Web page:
4 For the last two years, our high school dropout rate has been at a historic low, following steady decreases. The greatest progress has been among minorities. 2 The dropout rate among Hispanics is half of what it was in Rates for black and low-income youth have been cut by more than a third. According to outside experts, the number of dropout factories has been cut nearly in half since The number of students who do not complete high school on-time has dropped by a quarter in just four years from about 1 million students in 2008 to 740,000 students in College enrollment for black and Hispanic students is up by more than a million students since Administration Action to Improve Education Under the Obama Administration, we ve seen tremendous efforts to improve education from cradle to career, with substantial progress made. Quality Preschool: The Obama Administration has invested billions of dollars to help provide high-quality early education opportunities so that more children are successful when they enter kindergarten, and more than 30 states have boosted their own investments in early learning. Higher Standards: Today, nearly all students have access to higher standards than they did a few years ago. 48 states and the District of Columbia have taken action to hold all 2 U.S. Department of Education, National Center for Education Statistics, Condition of Education, Status Dropout Rates. 3 U.S. Department of Education, National Center for Education Statistics, Common Core of Data (CCD) and Progress Is No Accident: Why ESEA Can t Backtrack on High School Graduation Rates. 4 U.S. Department of Education, National Center for Education Statistics, Integrated Postsecondary Education Data System (IPEDS) 3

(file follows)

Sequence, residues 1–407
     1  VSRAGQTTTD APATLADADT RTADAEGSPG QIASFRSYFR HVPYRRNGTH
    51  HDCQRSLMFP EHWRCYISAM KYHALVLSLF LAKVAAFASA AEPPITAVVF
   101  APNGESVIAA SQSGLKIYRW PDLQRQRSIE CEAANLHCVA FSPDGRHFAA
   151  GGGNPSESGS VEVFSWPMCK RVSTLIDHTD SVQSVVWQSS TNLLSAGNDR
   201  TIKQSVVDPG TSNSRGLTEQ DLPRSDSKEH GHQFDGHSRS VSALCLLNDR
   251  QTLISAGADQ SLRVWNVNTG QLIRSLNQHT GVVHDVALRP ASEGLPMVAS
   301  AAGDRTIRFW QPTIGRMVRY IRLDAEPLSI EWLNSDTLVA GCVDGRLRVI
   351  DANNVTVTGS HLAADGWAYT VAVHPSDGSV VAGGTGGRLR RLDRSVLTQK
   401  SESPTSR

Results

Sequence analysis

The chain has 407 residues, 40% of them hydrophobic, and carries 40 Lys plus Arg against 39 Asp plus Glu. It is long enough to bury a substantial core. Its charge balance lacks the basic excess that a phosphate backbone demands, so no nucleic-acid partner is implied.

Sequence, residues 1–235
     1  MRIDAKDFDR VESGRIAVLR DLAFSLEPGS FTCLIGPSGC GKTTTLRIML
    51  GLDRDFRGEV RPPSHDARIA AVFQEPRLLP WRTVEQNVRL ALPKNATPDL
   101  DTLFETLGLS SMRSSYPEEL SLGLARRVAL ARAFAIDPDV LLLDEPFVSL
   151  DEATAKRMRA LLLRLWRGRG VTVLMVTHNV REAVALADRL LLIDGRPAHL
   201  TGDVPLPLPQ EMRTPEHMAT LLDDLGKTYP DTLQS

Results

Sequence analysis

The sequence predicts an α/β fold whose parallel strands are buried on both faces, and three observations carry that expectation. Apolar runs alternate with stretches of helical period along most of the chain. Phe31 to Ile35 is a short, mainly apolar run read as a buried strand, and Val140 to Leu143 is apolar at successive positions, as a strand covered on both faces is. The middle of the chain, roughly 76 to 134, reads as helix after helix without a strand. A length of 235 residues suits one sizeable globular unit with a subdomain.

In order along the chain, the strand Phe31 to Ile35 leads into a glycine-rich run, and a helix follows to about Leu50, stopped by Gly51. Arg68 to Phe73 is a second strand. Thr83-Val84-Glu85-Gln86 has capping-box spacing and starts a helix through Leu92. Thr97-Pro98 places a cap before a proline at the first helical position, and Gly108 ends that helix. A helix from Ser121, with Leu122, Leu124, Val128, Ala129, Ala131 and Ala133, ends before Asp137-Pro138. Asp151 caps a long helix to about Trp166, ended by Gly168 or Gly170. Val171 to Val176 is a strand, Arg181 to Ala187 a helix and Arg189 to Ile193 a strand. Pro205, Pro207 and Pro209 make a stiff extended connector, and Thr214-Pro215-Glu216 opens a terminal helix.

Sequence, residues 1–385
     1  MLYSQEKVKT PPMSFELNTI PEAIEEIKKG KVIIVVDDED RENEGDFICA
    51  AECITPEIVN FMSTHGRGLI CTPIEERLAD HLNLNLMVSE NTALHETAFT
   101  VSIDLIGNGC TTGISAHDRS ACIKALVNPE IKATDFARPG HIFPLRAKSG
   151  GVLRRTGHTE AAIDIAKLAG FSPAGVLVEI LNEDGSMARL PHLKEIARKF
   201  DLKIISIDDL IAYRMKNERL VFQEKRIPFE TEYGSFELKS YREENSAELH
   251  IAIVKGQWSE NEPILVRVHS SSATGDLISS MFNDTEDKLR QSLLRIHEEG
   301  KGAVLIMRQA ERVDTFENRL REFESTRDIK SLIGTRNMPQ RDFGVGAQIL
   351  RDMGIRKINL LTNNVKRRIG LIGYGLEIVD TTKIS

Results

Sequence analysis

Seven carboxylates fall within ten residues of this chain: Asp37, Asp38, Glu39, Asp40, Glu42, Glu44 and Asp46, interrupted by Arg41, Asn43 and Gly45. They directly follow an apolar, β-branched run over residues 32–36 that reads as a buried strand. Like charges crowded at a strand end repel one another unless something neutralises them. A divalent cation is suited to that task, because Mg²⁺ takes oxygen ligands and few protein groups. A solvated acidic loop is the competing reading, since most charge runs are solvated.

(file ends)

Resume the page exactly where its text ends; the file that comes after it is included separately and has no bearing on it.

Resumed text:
5 students to challenging academic standards that will prepare them to graduate from high school prepared for success in college and the workforce. Fewer, Better Assessments: The Obama Administration has supported states in their hard work to move America past the traditional multiple choice test and toward assessments aligned to college- and career-ready standards and focused on critical thinking, problem solving, and writing. At the same time, the Administration is helping states and school districts to push back on unnecessary or low-quality tests and test preparation. Strong Teachers in Every Classroom: Every student needs and deserves a strong teacher, but minority and low-income students are less likely to have effective teachers than their peers. The Department of Education has launched a number of efforts to support great teachers and teaching, including proposed regulations that will strengthen teacher preparation, and the Teach to Lead initiative, created jointly with the National Board for Professional Teaching Standards, to help teachers to take control of their profession and their career paths. In addition, the Teacher Incentive Fund, Supporting Effective Educator Development Grant program, and updated teacher equity plans Excellent Educators for All are initiatives that support states and districts to train, attract, and keep effective educators in high-need schools. Competitive Programs to Improve Schools: President Obama s Race to the Top initiative offered strong incentives to states willing to enact systemic reforms that would improve teaching and learning in America s schools. Race to the Top was the most significant reform of public education in a generation. With an initial investment of $4 billion less than 1 percent of annual K-12 education funding Race to the Top catalyzed meaningful change for more than 10 million students and 700,000 teachers across over a dozen grantees, and for many more in states that did not receive funds. Race to the Top helped states increase their capacity to implement innovative solutions to improve educational outcomes by establishing high standards; supporting great teachers and leaders; using data and technology to improve instruction; and turning around the lowest performing schools solutions that have since spread nationwide. Even in states that did not win awards, the work to develop an application and establish the conditions for positive change unleashed incredible initiative and creativity at the local level. Investing in Innovation: The Administration s Investing in Innovation (i3) program has helped develop a culture of evidence-based decision-making in public schools by expanding interventions that accelerate student achievement and that prepare every student to succeed in college and in their careers. The more rigorous the evidence an organization has supporting its intervention, the larger the grant award it can potentially receive. Originally, the $650 million i3 fund offered support to districts, nonprofit organizations, and institutions of higher education to research, replicate, and scale-up promising practices that improve educational outcomes. The Department awarded 49 grants in the competition, but nearly 1,700 applicants applied by far the largest number of applicants in a single competition in the Department's history. Now, nearly 150 i3 grantees are working in every state in the country, impacting over 2 million students. 4